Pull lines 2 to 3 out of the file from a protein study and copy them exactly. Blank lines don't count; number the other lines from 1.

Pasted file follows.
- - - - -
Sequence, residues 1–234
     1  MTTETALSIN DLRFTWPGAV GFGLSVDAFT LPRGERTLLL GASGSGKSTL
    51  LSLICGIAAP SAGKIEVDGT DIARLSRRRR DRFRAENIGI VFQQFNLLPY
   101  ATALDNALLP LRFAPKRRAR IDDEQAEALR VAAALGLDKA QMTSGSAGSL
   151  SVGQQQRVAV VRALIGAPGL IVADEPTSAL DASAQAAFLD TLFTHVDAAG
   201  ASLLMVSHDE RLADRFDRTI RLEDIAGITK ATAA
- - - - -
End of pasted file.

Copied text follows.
     1  MTTETALSIN DLRFTWPGAV GFGLSVDAFT LPRGERTLLL GASGSGKSTL
    51  LSLICGIAAP SAGKIEVDGT DIARLSRRRR DRFRAENIGI VFQQFNLLPY